Iraq's Parliament calls for expulsion of US troops from the country following drone attack (photos)

Iraqi lawmakers approved a resolution Sunday calling to expel U.S. troops from the country, following an American drone attack that killed Iranian Gen. Qassem Soleimani.
Mourners carry the coffins of Soleimani and Abu Mahdi al-Muhandis, deputy commander of Iran-backed militias, at the Imam Ali shrine in Najaf, Iraq, on Saturday. (AP Photo/Anmar Khalil)
The resolution asks the Iraqi government to end the agreement under which Washington sent forces to Iraq more than four years ago to help in the fight against the Islamic State terror group.
"The Iraqi government has an obligation to end the presence of all foreign forces on Iraqi soil and prevent it from using Iraqi lands, waters, and airspace or any other reason," Iraqi Parliament Speaker Mohammed al-Halboosi said in an address to lawmakers before the vote.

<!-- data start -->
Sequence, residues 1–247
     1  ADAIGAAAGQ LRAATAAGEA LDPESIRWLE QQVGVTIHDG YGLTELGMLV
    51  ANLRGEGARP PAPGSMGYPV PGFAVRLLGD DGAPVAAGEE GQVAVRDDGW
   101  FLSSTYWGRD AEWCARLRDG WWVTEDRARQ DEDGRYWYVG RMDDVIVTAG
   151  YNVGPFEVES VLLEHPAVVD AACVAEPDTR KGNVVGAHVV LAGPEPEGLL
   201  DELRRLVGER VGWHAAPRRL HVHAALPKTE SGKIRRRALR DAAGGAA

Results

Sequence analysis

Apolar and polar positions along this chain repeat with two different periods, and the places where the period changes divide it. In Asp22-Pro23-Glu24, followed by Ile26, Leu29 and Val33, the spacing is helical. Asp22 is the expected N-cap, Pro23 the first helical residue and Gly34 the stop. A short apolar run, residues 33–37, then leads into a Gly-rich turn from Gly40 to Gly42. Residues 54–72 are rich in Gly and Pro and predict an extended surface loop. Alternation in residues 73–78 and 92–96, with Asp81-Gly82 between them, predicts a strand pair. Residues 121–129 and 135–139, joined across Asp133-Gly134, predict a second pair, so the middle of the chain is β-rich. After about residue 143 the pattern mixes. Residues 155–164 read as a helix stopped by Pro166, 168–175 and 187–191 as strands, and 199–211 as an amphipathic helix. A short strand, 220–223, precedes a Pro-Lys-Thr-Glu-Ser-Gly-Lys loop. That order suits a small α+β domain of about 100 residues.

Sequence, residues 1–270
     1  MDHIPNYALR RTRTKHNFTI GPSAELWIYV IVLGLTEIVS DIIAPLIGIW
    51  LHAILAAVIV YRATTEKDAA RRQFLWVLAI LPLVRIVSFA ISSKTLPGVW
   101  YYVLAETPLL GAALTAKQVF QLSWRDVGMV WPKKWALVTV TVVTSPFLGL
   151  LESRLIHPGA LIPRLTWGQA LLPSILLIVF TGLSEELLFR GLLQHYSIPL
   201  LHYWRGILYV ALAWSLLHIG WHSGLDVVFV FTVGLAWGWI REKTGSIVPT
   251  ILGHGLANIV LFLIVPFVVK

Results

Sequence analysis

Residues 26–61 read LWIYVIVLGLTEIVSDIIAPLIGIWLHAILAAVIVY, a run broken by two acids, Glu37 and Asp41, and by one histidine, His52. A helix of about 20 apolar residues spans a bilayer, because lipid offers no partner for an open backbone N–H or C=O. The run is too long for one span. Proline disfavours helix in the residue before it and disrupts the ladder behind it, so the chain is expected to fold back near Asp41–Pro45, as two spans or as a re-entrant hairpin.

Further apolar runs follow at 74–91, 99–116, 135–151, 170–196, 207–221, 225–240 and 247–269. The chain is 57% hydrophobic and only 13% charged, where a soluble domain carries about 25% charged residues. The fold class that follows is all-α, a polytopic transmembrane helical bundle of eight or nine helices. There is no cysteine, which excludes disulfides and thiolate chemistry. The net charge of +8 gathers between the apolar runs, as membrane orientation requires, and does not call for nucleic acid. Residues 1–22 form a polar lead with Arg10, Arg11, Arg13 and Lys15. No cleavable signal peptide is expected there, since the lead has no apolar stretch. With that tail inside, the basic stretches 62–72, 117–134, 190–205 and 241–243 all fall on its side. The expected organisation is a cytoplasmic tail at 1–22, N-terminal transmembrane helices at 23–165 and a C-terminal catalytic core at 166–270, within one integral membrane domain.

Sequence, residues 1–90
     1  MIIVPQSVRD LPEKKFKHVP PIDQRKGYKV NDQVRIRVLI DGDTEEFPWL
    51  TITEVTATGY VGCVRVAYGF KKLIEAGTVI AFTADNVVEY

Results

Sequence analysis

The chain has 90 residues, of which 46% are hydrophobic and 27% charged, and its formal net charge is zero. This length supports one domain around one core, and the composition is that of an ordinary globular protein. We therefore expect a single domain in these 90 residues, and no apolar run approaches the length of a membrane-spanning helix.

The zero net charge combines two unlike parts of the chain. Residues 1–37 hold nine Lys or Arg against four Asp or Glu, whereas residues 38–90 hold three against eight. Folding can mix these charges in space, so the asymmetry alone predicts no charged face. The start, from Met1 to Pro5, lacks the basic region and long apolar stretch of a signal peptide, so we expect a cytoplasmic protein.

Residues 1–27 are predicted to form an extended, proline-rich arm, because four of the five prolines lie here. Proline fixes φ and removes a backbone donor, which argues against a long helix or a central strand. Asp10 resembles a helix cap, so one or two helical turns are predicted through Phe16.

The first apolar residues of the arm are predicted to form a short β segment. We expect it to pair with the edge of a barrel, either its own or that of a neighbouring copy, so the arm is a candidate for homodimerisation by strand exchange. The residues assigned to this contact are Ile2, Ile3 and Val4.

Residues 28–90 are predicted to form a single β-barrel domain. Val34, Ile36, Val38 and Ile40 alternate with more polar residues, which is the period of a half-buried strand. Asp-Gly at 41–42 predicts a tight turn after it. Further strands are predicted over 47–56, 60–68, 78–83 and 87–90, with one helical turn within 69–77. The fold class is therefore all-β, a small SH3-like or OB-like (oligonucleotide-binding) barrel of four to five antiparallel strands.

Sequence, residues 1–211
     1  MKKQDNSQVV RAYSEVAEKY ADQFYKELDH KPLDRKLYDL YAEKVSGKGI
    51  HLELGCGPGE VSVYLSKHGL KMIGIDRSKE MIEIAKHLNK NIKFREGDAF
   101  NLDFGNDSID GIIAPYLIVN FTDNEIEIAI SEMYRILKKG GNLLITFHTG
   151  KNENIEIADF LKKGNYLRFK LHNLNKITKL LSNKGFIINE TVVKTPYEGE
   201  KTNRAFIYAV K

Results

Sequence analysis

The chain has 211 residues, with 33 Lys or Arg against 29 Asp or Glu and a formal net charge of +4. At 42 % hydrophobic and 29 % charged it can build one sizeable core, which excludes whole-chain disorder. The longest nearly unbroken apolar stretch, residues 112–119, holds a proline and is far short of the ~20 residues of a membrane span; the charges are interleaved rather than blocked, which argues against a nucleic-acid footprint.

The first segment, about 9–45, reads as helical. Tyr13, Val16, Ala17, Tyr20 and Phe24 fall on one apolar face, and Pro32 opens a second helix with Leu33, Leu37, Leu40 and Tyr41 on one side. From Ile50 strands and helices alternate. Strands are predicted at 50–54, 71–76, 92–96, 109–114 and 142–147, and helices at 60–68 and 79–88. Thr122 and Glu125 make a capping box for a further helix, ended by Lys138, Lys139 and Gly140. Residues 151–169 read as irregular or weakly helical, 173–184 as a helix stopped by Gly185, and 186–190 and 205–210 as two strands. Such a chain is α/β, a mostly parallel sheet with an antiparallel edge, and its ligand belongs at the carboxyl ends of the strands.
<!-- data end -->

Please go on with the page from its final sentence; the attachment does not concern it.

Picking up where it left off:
The majority of about 180 legislators present in Parliament voted in favor of the resolution. It was backed by most Shiite members of parliament, who hold a majority of seats. Many Sunni and Kurdish legislators did not show up for the session, apparently because they oppose abolishing the deal.
But the Iraqi Parliament vote doesn't mean that the U.S. military has to leave the country immediately. It's a non-binding vote, which is seen as mostly symbolic. The 5,000 U.S. troops are in Iraq at the invitation of the country's executive branch, the Prime Minister's office -- not Parliament. It is up to the Iraqi Prime Minister whether the troops will be expelled.
The vote came two days after a U.S. drone strike killed Soleimani at the Baghdad airport, ratcheting up tensions in the region and raising fears of war.

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